Chon Qing is actually a Szechuan-style Chinese food restaurant, which means that their dishes have a little bit more seasoning or spice to them. The cuisine itself originates from the Sichuan Province of China, where there is more use of garlic and chili peppers (Sichuan pepper). So if you enjoy your traditional Chinese soup with a bit of a kick, this is the place for you.
-2808 Commercial Dr., Vancouver, BC V5N 4C6 -1260 Robson St., Vancouver, BC V6E 1C1
Hon’s is often being praised for being authentic and simple, which doesn’t compromise taste. Their wontons are actually hand-made and the broth is slowly simmered and seasoned. So although it may look simple, it is actually packed with flavour.
-25 E 2nd Ave, Vancouver, BC V5T 1B3 -661 E Broadway, Vancouver, BC, V5N 1V9 (COMING SOON)
This local favourite, has grown into a few locations around town, offering a Northern Chinese take on its menu. It was actually highlighted in the Vancouver episode of The Food Network’s “Diners, Drive-Ins, and Dives” by Guy Fieri. One of the most popular items is their dumplings, in fact, that’s what makes their soup so good as well.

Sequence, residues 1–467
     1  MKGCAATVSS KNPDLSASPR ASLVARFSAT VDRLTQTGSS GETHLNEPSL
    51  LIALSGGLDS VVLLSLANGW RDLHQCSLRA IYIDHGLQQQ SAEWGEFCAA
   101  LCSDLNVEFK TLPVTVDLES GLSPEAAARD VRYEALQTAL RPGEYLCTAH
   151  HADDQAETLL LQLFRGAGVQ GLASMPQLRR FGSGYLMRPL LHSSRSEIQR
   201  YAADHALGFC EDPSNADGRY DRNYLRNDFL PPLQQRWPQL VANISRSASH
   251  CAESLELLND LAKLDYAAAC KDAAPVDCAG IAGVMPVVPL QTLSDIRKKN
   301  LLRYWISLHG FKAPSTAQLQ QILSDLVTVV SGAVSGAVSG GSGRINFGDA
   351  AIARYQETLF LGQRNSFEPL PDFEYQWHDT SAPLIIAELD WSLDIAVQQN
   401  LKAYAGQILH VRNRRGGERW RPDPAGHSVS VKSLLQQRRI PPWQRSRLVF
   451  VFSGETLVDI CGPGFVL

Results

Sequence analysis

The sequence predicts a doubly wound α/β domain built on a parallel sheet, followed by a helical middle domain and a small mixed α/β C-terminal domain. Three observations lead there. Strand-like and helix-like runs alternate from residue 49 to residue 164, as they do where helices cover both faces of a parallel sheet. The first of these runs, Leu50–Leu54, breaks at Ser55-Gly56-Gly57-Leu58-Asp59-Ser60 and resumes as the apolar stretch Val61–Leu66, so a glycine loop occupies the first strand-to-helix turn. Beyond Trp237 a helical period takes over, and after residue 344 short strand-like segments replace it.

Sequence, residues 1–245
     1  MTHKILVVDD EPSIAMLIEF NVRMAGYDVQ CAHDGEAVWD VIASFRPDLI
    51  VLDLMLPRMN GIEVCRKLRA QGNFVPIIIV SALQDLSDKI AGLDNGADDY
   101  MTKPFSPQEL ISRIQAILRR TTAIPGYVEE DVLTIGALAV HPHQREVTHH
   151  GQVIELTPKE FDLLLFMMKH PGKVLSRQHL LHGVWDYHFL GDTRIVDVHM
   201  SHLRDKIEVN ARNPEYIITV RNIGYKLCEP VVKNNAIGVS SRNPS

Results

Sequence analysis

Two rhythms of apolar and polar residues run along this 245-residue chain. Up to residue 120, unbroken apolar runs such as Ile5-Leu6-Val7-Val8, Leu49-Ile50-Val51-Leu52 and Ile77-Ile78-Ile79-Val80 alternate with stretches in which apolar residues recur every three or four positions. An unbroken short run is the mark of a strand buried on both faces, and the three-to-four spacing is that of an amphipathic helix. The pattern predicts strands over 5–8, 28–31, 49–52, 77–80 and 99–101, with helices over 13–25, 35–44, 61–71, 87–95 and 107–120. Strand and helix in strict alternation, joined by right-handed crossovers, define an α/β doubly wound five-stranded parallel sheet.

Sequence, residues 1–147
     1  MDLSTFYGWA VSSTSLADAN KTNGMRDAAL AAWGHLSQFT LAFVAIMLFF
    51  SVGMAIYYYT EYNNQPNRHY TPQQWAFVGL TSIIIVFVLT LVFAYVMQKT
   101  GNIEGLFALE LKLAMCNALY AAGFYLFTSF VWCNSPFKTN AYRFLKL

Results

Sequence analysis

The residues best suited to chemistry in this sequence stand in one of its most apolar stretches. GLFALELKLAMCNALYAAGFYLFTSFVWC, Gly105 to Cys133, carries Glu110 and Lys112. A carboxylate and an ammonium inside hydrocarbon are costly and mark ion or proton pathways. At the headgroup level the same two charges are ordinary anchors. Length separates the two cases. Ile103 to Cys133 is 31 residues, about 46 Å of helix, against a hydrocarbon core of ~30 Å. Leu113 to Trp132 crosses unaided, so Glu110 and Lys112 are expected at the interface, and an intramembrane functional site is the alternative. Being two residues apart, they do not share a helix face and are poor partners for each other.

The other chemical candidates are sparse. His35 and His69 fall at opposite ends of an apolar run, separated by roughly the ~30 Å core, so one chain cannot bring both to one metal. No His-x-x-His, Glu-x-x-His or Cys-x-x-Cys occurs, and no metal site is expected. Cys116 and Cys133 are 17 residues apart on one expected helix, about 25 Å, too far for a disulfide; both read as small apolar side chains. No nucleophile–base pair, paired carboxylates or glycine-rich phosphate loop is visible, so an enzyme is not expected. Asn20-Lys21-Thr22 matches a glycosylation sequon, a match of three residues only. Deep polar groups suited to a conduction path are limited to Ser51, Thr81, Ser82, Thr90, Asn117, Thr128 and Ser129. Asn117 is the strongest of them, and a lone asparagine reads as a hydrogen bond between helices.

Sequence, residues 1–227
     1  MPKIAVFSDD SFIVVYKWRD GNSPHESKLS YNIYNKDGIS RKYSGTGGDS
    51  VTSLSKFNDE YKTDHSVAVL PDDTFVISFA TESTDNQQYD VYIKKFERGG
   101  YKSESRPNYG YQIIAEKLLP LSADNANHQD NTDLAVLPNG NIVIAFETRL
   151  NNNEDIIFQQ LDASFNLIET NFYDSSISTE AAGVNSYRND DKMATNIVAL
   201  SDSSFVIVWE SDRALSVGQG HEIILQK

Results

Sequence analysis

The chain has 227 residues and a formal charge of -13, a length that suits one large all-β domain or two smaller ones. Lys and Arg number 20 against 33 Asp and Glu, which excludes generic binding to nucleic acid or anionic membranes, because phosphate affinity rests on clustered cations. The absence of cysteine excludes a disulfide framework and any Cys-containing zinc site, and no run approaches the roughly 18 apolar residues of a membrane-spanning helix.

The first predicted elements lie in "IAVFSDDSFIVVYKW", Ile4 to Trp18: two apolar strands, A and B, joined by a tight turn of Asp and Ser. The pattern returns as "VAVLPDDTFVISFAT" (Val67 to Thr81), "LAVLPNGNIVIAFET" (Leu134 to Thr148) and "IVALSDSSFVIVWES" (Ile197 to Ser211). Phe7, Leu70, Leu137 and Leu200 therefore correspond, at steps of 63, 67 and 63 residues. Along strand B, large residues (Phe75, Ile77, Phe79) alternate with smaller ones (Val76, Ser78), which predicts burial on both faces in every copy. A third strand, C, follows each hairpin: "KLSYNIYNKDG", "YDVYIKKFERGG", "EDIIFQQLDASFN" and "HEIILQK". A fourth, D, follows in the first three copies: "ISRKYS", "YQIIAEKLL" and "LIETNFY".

-532 W. Broadway, Vancouver -43 E. 5th Avenue, Vancouver -2394 W. 4th Avenue, Vancouver -602 Seymour St, Vancouver -3320 Kingsway, Vancouver
Hot Pot, not necessarily always a soup, and is certainly not a noodle soup…however it is still a soup-based meal that definitely is worth mentioning in this list. Hot Pot actually refers to a Chinese cooking method, where the raw food is prepared in a simmering pot of soup stock or broth (various options are available from seasoned/spicy broth to simple meat broth), directly at the dining table by patrons.
Becoming quite popular in Vancouver in the early 90’s, and primarily for two reasons (other than the fact it’s delicious); a) hot pot offered a social aspect to soup as a group would gather to collectively cook food together and eat, and b) since the food is boiling, it’s a much healthier option or way to eat.